Post written by Tammy Kiter, Manuscript Reference Librarian
“If I can’t be first, I won’t be second in anything.” – Samuel Colt, 1844
Born in Hartford, CT, in 1814, Samuel Colt transformed the evolution of firearms. An ambitious inventor and successful industrialist, Colt was fascinated by machinery from an early age. He enjoyed taking things apart to see how they worked, including his father’s guns. One of his earliest and most valued possessions was the flintlock pistol used by his maternal grandfather while serving in the Continental Army.
As a young boy at school, he was introduced to a scientific encyclopedia that contained information about Robert Fulton and gunpowder, both of which provided a great deal of inspiration for the curious Colt. While working in his father’s textile plant, Colt developed an interest in chemistry and gained more expertise with the tools being used by the craftsmen there.
In 1830, Colt was a passenger onboard the ship Corvo. The idea for a revolving firearm purportedly came to Colt while watching the ship’s wheel and noticing that the spokes always returned in perfect alignment with a clutch that locked the wheel in position. Most pistols produced prior to Samuel Colt’s invention fired one shot at a time and took 20 seconds to reload. Instead, Colt’s gun featured an automatic, revolving chamber that enabled the handler to fire six shots in succession. Samuel Colt received U.S. Patent #9430X for this revolutionary invention on February 25, 1836.
“The good people of this world are very far from being satisfied with each other and my arms are the best peacemaker.” – Samuel Colt, 1852
With the financial assistance of wealthy relatives, he was able to open Colt’s Patent Arms Manufacturing Company in Paterson, NJ, in 1836. Colt created a product with interchangeable parts, thereby increasing productivity and decreasing the cost of materials. The company used a force of traveling salesmen, known as agents, to peddle their wares to individuals and small shops as well as 15 to 20 jobbers to coordinate large scale purchases with wholesalers. He was among the first businessmen to use celebrity endorsement and corporate gifts in an effort to promote his products, regardless of the negative attention it sometimes resulted in. Colt was an innovator in the fields of advertising, product placement, mass marketing and mass production.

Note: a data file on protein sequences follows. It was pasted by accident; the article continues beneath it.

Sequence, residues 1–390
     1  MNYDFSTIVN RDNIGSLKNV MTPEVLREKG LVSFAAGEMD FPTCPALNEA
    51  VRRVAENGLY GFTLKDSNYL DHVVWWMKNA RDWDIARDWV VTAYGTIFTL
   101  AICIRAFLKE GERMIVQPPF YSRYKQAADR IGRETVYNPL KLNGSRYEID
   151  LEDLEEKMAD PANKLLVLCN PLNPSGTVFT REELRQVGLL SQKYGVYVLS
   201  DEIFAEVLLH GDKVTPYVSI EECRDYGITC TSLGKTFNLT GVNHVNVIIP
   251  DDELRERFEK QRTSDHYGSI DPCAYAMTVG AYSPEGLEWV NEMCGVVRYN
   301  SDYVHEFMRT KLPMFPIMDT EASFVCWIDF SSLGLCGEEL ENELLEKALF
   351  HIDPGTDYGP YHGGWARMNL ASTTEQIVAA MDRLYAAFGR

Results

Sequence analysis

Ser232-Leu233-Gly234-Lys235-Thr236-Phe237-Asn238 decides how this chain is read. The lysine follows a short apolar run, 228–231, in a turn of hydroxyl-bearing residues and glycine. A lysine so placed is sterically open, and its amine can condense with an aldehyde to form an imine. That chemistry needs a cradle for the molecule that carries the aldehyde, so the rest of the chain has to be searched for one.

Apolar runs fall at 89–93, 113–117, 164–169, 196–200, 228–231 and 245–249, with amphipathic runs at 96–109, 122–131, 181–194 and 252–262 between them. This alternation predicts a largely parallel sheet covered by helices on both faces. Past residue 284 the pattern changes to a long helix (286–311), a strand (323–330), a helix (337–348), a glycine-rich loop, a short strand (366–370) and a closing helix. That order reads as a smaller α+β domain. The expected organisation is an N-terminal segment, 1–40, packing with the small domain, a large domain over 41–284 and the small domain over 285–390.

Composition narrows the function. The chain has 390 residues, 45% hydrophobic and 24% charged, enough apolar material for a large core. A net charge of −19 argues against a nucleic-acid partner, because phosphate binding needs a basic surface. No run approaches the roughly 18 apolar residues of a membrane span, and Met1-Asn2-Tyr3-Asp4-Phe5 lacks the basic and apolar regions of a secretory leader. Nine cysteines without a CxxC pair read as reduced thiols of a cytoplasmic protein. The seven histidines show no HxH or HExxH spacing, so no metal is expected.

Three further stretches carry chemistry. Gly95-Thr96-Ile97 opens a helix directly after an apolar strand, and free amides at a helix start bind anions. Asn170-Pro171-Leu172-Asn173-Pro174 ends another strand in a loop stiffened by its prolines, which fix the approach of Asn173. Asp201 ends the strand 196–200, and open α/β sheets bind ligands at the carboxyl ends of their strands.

Colt’s repeating firearms were first exhibited at the American Institute Fair, held at Niblo’s Garden, in 1837. His weapons were well-received and the designs earned him a gold medal for the Best Many Chambered Cylinder Rifle. The images show the judge’s reports for his entries at the 10th Annual Fair. The Fairs provided an opportunity for inventors of every imaginable craft not only to exhbit their materials, but to earn the prestige that came with winning one of the American Institute’s premium awards. At the 1852 Fair, one judge deemed Colt’s revolving pistols to be “decidedly superior and unsurpassed in workmanship”.
In 1847, the Texas Rangers ordered 1,000 revolvers from the Colt factory to aid with their efforts in fighting the Mexican-American War. Improved manufacturing made the guns much safer and the business expanded rapidly. His firearms were also prominent during the settlement of the Western Frontier, as they allowed pioneers to defend themselves, their homes, and their livestock. Of course, they were also used by gunslingers and outlaws such as Wild Bill Hickock, John Wesley Hardin and Jesse James. In fact, many proponents said that “Colt won the west”. His advances transformed the revolver from a utilitarian object to a symbol of pride.
By 1860, his factory in CT was the largest private arms manufacturing plant in the world and had produced over 400,000 revolvers. The large tract of land he purchased included the Armory, a manor known as Armsmear, employee tenement housing, a game hall, discussion rooms and a library. Colt’s revolvers were the preferred sidearm of civilians, soldiers and outlaws alike. At the beginning of the Civil War, his company supplied arms to both the North and the South, as he was a capitalist and saw no reason to make a moral decision in the matter. However, newspapers such as the New York Times and Hartford Daily Courant branded him a traitor and Southern Sympathizer and eventually, the factory only supplied weapons to Union soldiers.
Ironically, at the time of his death from gout in 1862, Colt had never fired one of his guns at another human being. He had become one of the wealthiest men in America at the age of 47. Samuel Colt was inducted into the National Inventors Hall of Fame in 2006. The original company has gone through many changes over the years, but the factories in Hartford, CT still flourish and the Colt name is synonymous with quality firearms.